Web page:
September 16, 2019

Business community cautioned against mediocre goods, services ahead of CFTA

The Ghana Chamber of Commerce and Industry has ended its Annual General Meeting with a firm call to the business community to brace up for the Continental Free Trade Agreement (CFTA) which kick starts next year.

Trade minister, Alan Kyeremanteng warns of a compromise in Ghana’s trade benefit ii businesses fail to step up to the challenge.

Speaking at the event, Alan Kyeremanteng warned that failure to take advantage of the CFTA will spell doom for Ghana’s SMEs.

According to him, “Ghana will get back to square one” if the business community does not take advantage of the Continental Free Trade Agreement Area.

He argues, “Businesses can’t expect to make gains if they export sub-standard goods. We must be competitive,” he expressed.

President of the Ghana Chamber of Commerce, Dr Nana Ampiagyei Dankawoso disclosed that there is going to be a crucial meeting among all business chambers in Africa to craft out modules through which they can facilitate effective trade coordination among member states.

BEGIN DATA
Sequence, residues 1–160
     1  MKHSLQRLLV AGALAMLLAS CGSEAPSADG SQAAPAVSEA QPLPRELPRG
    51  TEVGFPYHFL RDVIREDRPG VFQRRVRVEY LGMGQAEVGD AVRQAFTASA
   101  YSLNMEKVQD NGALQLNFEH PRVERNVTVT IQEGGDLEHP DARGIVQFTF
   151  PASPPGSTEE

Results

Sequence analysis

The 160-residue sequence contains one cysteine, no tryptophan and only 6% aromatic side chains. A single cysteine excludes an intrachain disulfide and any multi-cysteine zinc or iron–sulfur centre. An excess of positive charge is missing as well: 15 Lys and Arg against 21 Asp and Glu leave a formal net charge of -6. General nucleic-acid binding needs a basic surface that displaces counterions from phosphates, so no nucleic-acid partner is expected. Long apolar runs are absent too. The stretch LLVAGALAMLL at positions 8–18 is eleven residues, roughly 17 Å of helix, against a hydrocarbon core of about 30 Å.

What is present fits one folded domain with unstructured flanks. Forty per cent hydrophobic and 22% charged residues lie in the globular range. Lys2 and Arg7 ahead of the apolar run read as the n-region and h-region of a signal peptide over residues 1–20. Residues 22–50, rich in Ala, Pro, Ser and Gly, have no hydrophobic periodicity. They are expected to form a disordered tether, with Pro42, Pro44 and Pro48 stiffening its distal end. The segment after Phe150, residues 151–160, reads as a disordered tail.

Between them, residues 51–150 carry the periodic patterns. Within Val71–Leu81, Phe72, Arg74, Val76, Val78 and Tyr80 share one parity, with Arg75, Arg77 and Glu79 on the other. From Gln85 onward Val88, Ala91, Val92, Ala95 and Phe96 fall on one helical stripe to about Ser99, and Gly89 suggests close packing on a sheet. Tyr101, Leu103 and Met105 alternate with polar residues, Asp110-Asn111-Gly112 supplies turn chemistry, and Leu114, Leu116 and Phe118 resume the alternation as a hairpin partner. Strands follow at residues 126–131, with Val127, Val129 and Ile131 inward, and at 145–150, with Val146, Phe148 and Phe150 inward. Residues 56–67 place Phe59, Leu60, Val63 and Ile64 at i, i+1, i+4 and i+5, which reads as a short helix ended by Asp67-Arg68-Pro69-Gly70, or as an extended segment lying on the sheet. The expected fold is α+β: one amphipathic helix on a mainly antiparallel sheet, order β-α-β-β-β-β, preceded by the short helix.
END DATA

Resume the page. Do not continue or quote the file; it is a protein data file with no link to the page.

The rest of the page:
He explained that “this crucial meeting is to be held by all business heads and officials from the Chambers of Commerce across Africa. This will be a game-changer and extraordinary meeting”.

The 18th Ordinary Session of the Assembly of Heads of State and Government of the African Union, held in Addis Ababa, Ethiopia in January 2012, adopted a decision to establish a Continental Free Trade Area (CFTA) by an indicative date of 2017.

The Summit also endorsed the Action Plan on Boosting Intra-Africa Trade (BIAT) which identifies seven clusters: trade policy, trade facilitation, and productive capacity, trade-related infrastructure, trade finance, trade information, and factor market integration.

The CFTA will bring together fifty-four African countries with a combined population of more than one billion people and a combined gross domestic product of more than US $3.4 trillion.

The AfCFTA is a culmination of a vision that was set forth nearly 40 years ago in the Lagos Plan of Action, adopted by Heads of State in 1980. That undertaking led directly to the Abuja Treaty, establishing the African Economic Community in 1991.


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